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03 April 2012, 17:21

OSADL experimentally analyses Linux's real-time capabilities

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Zoom The logarithmic scale used for the graphs, in this case showing the data for the MIPS platform, means that any outliers would be visible as peaks in the yellow and red area
With the help of its embedded farm, set up in November 2010, the Open Source Automation Development Lab (OSADL) has tested and analysed Linux's experimental real-time (RT) capabilities. The OSADL analysed a total of 73 billion automated test cycles recorded over the last 12 months on more than 50 computers running mainline RT kernels on a range of CPUs.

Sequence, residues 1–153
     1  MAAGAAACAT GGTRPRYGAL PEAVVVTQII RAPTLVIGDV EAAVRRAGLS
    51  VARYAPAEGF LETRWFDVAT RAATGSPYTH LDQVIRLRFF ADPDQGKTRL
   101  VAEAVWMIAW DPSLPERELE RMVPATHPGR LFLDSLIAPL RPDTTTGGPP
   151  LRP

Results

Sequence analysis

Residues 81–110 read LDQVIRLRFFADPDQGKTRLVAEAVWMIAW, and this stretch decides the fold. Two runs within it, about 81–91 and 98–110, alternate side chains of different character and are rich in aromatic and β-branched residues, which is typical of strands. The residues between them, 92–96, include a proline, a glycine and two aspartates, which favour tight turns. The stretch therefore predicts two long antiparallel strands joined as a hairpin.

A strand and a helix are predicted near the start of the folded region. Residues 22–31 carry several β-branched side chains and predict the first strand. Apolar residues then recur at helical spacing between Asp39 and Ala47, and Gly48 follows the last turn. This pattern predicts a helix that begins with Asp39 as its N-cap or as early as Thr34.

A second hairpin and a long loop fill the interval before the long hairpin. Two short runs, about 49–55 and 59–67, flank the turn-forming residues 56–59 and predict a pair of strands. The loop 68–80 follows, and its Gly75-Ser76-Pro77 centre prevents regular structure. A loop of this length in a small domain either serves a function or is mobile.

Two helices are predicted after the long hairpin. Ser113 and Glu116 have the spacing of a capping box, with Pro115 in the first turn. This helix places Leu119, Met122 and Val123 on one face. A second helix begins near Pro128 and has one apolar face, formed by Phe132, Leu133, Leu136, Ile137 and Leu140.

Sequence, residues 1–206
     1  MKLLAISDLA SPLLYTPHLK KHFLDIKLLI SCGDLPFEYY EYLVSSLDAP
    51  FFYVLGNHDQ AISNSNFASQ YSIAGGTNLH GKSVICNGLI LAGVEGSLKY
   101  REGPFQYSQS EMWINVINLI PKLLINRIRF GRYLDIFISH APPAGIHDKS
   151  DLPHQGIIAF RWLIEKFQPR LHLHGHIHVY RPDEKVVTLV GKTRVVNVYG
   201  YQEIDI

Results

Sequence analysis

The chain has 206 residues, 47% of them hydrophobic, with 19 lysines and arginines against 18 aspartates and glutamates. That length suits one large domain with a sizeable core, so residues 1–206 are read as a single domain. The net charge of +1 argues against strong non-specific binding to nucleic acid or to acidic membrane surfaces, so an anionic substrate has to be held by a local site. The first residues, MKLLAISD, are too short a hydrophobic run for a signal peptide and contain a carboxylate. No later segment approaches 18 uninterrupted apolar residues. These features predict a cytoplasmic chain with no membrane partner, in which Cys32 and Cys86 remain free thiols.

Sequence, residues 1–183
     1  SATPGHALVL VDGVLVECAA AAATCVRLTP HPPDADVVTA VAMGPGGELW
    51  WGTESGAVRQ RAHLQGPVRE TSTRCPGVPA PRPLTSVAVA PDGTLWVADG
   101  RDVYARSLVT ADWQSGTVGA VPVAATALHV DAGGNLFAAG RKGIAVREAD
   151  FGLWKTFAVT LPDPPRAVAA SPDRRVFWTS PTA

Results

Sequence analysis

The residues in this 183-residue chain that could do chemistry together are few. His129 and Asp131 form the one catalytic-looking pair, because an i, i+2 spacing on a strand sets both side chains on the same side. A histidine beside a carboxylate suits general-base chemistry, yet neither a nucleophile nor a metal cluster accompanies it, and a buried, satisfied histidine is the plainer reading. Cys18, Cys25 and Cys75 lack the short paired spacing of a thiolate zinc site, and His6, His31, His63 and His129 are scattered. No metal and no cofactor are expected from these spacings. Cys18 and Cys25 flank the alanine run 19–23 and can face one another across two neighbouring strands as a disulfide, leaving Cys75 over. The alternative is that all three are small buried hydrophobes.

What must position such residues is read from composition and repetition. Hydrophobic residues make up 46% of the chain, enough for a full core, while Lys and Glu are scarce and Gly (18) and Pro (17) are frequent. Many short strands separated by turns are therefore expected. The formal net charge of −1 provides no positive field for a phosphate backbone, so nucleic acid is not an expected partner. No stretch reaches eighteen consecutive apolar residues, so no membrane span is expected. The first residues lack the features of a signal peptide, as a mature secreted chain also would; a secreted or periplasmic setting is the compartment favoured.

No outliers were observed during any of the tests, with maximum latencies clearly demarcated on all platforms. The OSADL has sorted the test results by platform and made them up into 3D graphs, which are all available on its web site. The logarithmic scale used means that any one-off high latencies would be clearly visible as spikes.

The OSADL originally built the QA (Quality Assurance) farm to carry out regular testing of the Linux kernel and real-time patches to detect any problems. It updates to the latest real-time kernel regularly, enabling developers to detect and resolve any problems at an early stage.


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